In the middle of 1971, the Cinema Association was dissolved, and a public corporation was formed to oversee the cinema, the theater and music. The corporation stopped producing films, leaving that to private sector funding.

The role of the State in the cinema started receding. It vanished altogether from film production. The State held on to two companies; one for studios, and the other for distribution and movie theaters.

It is worth saying that of the activities that saw the most deterioration in the 80s and 90s were those related to cinematic art. That was because officials in the ministry of culture adopted the policy of halting film production by the Cinema Association or the Film Production Sector, and privatizing the sector, whether in relation to studios, laboratories, or theaters. This extended to aspects of production, and internal and external distribution, which lead to the deterioration of Egyptian film production (publicly and privately), declining from a yearly average of 60 films, to reached 7 films in 1999. The number increased again to 12 films over the period of 2000 - 2003.

In 1991, the cinema's public sector production saw a 59.6% decline in comparison with that in 1990. Private sector production also declined by 18% relative to the year before. The final outcome was a total decline of film production by 34%.

 

Table 1:  

The number of films utilised by the Internatl Distribution Sector during the period of 1990-2000 (in thousands of Egyptian pounds)

Year

Public sector

Private Sector

Total

Revenue

Public Sector

Private Sector

Total

1990

330

527

857

511

391

901

1991

133

432

565

265

398

654

 

Source: Annual Book of Statistics, 1991, p. 48.

The cinema’s strong position came with the Cairo Club showing 50 films in 1990, up to 51 films in 1991. Movie goers reached 159.7 thousand in the year 1990, up to 163 thousand in 1991.

Seminars discussing the cinema business over the period that followed declined from 52 sessions held in 1990, to 46 in 1991. The decline continued one year after the other till they reached 30 sessions in 1996, and about 31 in 1997.85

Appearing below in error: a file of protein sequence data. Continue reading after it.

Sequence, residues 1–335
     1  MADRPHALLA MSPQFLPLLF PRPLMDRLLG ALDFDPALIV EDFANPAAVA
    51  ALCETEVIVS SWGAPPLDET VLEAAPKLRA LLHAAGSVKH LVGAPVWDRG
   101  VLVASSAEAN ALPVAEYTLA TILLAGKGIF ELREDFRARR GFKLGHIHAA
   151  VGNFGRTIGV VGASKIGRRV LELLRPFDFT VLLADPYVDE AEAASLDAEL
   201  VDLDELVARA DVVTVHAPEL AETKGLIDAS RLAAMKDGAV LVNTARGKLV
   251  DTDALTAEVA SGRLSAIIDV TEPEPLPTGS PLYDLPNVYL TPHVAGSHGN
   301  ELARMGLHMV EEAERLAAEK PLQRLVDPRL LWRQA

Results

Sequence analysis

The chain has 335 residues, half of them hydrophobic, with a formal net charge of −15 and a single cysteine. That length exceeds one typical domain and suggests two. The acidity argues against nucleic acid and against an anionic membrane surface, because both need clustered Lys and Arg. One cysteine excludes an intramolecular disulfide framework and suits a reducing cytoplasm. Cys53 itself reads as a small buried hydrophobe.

On the other hand, festivals and celebrations dominated the ministry of culture’s activities, and official cultural activities in general (Cairo[2] Cinema Festival, Alexandria Cinema Festival, Experimental Theater Festivals, the biennale and others).

 Table 2: Cinema Festival in 1997

Item

No.

Long feature film

Documentary

Animation

Short feature film

Documentary

Festivals

31

73

17

-

10

1

Film weeks abroad

8

62

21

2

-

-

Film showing abroad

9

13

21

-

-

-

Cultural events at home

36

30

57

17

5

8 video tapes

Total in 1997

84

178

116

19

15

11

 

Source: The Book of Statistics, 1997, the Ministry of Culture, p. 93.

The Public Department for Agreements and Programs activities became prominent, as shown by the following account1:

Table 3: The activities of the Public Department for Agreements and Programs

 

ItemYear

Festivals

Cultural weeks

Cultural agreements

Plastic art exhibitions

Hosting personalities and groups

Foreign and local groups

Foreign and local films weeks

Artistic groups and personalitiesl going abroad

conferences

Home

Abroad

Sending

Hosting

1991

3

4

10

7

5

3

14

4

2

2

7

1

1996

59

4

6

5

9

4

39

4

5

26

15

1

1997

41

3

-

4

7

8

31

4

2

35

11

4

(*) Source: The Book of Statistics, 1991, p. 243 – The Book of Statistics, 1997, p. 29.


The number of movie theaters in the 90s was less than a 100.2

During the last few years, the film industry saw some increase in demand as a result of lifting indirect taxes on tickets, which increased producer-, distributer- and film theater profits. Truth is, it was the beginning of a wide investment in movie theaters. The number of cinemas increased tremendously with the emergence of Nahdet Misr, Othman Group, United Brothers, El Adl Group, Bahgat Group, Shoaa, Arab Company, Good News, and others, in addition to those at the Media Production City. This is in addition to movie theaters operating in summer, e.g., screens at summer camps, and military theaters.

Egyptian films became profitable within Arab countries. External distributors disappeared. Satellite channels took over the role of external distributors. Films were sold to satellite channels, particularly encrypted films, for millions of pounds before their release. This meant guaranteed profit for producers who received 50% only of theater revenue.3

With the delving of Arab funds into the film business, many companies were formed. Investment in that area increased, and so did profits. For example, revenue increased from 115 million Egyptian pounds in 2004, to 210 million Egyptian pounds in 2005.4 However, they plummeted again to 100 million Egyptian pounds in 2006.5